How These Parents Built a Brand to Help Kids Handle Scary Situations

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When my daughter was a toddler several years ago, she – just like many other children her age – cried with extreme separation anxiety whenever I would walk out the front door. It didn’t matter who she was left with, her world came crashing down whenever mama went somewhere without her.

As endearing as it was to be her personal rock star, her tears pulled at my heartstrings. I grappled with guilt – babies aren’t the only ones who deal with separation anxiety. Although I’ve read plenty of expert advice on what to do in these type of situations, nothing can tell you what to do better than your own maternal instincts.

And that is where Twigtale comes into play.

Simply put, Twigtale makes parenting a tad easier by creating personalized stories to help children understand sensitive situations at an age-appropriate level. Work-at-home mom Carrie Southworth, along with her childhood friend Nishad Chande, founded the company on the idea of helping children with life-changing issues through expertly-scripted books.

Chande first came up with the concept when his child was afraid of starting preschool. The school director suggested he help ease the process by creating a book about preschool, using his own photos. Rather than putting together something with construction paper and glue, Chande came up with a better idea, pitched it to Southworth, and the business was born.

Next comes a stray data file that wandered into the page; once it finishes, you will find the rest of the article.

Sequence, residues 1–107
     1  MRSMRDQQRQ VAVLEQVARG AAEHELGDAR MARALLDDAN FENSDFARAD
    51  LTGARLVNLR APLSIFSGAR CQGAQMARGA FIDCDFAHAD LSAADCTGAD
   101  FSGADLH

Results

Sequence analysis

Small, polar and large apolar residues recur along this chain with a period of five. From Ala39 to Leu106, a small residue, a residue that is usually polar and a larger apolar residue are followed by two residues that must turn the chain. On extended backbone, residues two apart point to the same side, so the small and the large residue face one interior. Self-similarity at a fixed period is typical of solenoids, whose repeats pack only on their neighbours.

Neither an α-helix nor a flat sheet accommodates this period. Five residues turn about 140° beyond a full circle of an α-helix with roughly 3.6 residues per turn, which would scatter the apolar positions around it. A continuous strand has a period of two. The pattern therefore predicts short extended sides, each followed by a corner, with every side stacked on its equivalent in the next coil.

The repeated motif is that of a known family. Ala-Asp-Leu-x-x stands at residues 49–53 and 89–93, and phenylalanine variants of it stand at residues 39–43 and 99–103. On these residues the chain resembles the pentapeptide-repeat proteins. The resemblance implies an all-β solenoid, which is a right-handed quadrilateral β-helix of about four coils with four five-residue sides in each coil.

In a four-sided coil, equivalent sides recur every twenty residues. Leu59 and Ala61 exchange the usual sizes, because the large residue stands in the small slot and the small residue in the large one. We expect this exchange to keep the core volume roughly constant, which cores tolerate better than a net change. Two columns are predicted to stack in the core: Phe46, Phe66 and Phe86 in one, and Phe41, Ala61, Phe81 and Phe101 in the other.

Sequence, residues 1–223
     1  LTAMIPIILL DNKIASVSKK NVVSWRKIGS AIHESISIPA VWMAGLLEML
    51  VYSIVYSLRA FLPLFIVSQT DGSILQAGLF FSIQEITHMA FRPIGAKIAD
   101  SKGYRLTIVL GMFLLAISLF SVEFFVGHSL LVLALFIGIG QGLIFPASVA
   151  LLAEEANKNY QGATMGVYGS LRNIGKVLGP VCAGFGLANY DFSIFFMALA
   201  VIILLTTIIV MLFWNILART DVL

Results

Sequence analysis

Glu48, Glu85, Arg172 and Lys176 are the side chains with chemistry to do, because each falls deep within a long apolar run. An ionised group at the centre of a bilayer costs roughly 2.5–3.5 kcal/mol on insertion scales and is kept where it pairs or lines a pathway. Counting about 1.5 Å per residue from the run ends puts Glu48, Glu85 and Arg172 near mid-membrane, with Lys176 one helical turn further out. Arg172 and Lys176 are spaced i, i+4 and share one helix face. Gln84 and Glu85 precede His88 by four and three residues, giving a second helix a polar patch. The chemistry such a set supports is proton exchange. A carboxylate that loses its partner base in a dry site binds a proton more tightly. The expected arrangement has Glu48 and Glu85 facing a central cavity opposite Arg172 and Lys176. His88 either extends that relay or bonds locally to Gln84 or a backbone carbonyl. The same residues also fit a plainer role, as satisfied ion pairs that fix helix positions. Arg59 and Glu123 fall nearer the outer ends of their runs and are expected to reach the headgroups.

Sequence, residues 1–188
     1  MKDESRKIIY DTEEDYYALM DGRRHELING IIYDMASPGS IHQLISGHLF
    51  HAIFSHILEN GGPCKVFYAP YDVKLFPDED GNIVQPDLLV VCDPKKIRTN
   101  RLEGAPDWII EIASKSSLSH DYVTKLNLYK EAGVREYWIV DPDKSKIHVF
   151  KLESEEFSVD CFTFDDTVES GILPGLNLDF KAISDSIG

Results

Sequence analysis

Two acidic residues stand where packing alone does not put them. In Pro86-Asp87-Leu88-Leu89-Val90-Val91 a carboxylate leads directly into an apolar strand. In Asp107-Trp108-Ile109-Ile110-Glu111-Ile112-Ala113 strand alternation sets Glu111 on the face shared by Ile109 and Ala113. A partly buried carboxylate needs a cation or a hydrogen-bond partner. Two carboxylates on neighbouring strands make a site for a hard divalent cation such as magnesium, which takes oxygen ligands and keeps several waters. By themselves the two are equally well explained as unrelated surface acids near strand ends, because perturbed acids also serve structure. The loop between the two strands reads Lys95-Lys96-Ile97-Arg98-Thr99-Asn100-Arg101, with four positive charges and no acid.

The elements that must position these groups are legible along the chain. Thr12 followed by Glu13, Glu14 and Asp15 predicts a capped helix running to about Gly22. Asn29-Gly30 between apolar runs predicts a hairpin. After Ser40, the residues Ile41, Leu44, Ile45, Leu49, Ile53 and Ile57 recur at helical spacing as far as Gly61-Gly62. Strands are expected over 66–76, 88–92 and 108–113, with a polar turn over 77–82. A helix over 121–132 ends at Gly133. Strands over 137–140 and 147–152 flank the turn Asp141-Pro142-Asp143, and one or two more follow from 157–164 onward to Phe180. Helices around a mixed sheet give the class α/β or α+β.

Twigtale lets parents create use a photo book to explain common childhood issues with their children, like a new sibling coming into the family, losing a pet, what happens when daddy goes on a business trip, and so on. These customized stories make both parents and their children the main characters of their plotlines while helping ease those common anxieties in a very therapeutic way.

CEO Carolyn Guimbarda says that while parents have been creating customized photo books for years now, this isn’t your typical coffee table book of your last trip to Big Sur. “We didn’t invent the concept, we just simplified the process. With the app, we limit the choices because when people are after a solution, they aren’t as concerned with background colors or font choices. We’re kind of like a combination of Shutterfly, Mad Libs, and a family therapist,” she said.

Southworth agreed on this point, adding, “with Twigtale, parents can easily create their stories with their kids’ photos on their iPhones in the grocery store, the school car line, or even the subway. There aren’t a lot of mothers out there who have that 20 or so minutes to sit at their desktop to go through the dozen or so templates and fonts from a service like Shutterfly. Twigtale is very easy to use and with our app, it’s been made even easier for parents create and order a book in no time.”

Both Southworth and Guimbarda know the value of being stay-at-home mothers who work to be challenged while providing a product to a demographic they know best – themselves. As far as their own advice for other SAHMs who want to dip their toes into the “momtrepreneur” pond, they say it’s pretty simple: surround yourself with support.

Image courtesy of Carolyn Guimbarda

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